North Carolina Department of Correction


 Secretary Mack Jarvis speaks at Hyde dedication

Our thanks to Governor Jim Hunt, Senator Marc Basnight, county commissioners and other officials who helped locate this new prison in a county teeming with wildlife and rich in history. Fortunately, according to 16 environmental assessments, this prison will not have any significant impact on the natural environment, while making a huge impact on the local economy. We want to be good neighbors to the citizens of Hyde County as well as to the bears, red wolves, bald eagles and swans.

Hyde Correctional Center will become home to 500 men in need of learning how to be a good neighbor. We dedicate this prison today to help stop crime and root out prisoners' criminal behavior.

The North Carolina Department of Correction is doing its part in fulfilling the vision and promises of Governor Hunt to the citizens of North Carolina, citizens who were crying out to stop the revolving prison door. Dedicating Hyde Correctional Center today is one more successful effort to help slam that door shut.

This prison would not be here were it not for Governor Jim Hunt's leadership. In 1994, Gov. Hunt called for a special session of the legislature to address crime issues. He pushed for tougher sentences for violent criminals and to make inmates work. As a result, paroles have dropped 54%, and more than 19,000 inmates are working or training for jobs.

Under the new Structured Sentencing Act, violent offenders are serving more time with no parole while non-violent offenders are sent to community punishment programs where they can get the help they need, work to pay restitution to their victims and work for the community.

Now that the Department of Correction has taken control of the prison system, and the crime rate is down, Gov. Hunt has turned his focus on education.

More than 80% of state prisoners test below a 12th grade education; 56% are below an 8th grade level. No one can dispute that education, whether it be inside or outside the prison gates, is a critical factor in living a crime-free life. Here in Hyde County, students at Ocracoke High School will have a chance at a better education following the $7 million in grants given to the county for school renovations and new studies.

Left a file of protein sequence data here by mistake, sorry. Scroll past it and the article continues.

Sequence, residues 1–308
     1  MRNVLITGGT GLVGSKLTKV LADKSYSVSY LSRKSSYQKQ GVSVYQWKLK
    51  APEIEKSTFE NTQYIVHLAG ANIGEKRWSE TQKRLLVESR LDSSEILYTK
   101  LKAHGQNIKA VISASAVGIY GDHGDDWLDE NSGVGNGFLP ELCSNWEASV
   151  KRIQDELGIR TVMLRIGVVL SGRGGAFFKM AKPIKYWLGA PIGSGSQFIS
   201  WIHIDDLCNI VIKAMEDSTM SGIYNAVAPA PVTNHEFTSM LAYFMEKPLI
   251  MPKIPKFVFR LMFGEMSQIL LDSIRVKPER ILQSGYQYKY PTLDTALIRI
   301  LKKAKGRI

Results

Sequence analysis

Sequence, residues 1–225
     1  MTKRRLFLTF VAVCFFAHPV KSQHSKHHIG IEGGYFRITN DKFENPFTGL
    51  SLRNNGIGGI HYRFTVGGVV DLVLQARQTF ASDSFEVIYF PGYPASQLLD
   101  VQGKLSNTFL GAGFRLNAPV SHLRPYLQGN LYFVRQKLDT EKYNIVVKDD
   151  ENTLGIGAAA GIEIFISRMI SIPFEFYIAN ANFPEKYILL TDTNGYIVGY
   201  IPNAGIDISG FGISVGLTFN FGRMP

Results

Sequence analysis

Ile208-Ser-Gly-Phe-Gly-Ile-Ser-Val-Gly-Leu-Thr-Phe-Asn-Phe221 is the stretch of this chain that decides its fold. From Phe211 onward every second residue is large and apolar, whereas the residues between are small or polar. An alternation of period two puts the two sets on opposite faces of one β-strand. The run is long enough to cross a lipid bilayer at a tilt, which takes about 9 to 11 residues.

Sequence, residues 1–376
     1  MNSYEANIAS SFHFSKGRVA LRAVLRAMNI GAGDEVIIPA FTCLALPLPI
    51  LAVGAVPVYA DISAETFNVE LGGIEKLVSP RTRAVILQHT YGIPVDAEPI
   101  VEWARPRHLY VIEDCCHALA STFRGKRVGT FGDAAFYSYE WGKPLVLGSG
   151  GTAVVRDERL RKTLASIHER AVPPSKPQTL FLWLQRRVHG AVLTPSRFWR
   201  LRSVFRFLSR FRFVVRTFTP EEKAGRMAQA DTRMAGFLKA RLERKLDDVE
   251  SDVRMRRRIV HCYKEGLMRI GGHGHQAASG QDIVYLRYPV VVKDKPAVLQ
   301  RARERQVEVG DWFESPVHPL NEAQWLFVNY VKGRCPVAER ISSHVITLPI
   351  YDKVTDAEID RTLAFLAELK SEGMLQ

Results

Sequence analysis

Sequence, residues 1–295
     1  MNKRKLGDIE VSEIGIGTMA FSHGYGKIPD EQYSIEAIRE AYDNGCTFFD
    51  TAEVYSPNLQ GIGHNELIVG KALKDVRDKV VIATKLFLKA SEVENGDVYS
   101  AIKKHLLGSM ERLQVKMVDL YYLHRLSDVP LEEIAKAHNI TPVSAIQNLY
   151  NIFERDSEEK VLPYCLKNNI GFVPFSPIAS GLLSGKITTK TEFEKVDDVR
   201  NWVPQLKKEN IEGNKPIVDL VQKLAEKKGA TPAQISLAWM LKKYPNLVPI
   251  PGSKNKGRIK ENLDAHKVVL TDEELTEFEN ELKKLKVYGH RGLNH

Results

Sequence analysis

Governor Hunt's Smart Start program will go a long way towards getting children squared away with a solid foundation. New research shows that 85% of a child's brain development happens in the first three years. Smart Start ensures that ALL families can find good, affordable day care and preventive health care so children can start school healthy and ready to learn. That's why the governor wants Smart Start in every county by the year 2000. He's also pushing the legislature to pass the Excellent Schools Act where teachers' salaries would increase along with accountability. Classrooms would be smaller and safer. He needs our help to make sure both of these important measures are passed and fully funded.

Governor Hunt wants each North Carolina citizen to be the best he or she can be, and that includes prisoners. That's why we will begin teaching character education to our youthful offenders. We are the first in the country to take this bold step. Our primary charge is to protect our citizens from violent criminals, and second, to build character and morals in the offender population.

Governor Jim Hunt has done more for this state than any other governor in the state's history. We welcome his latest push on education. We need it for all of our children to be the best citizens for our great state. As it says in Proverbs, "Understanding is a wellspring of life unto him that hath it." (Prov. 16:22).


Hyde dedication ceremonies
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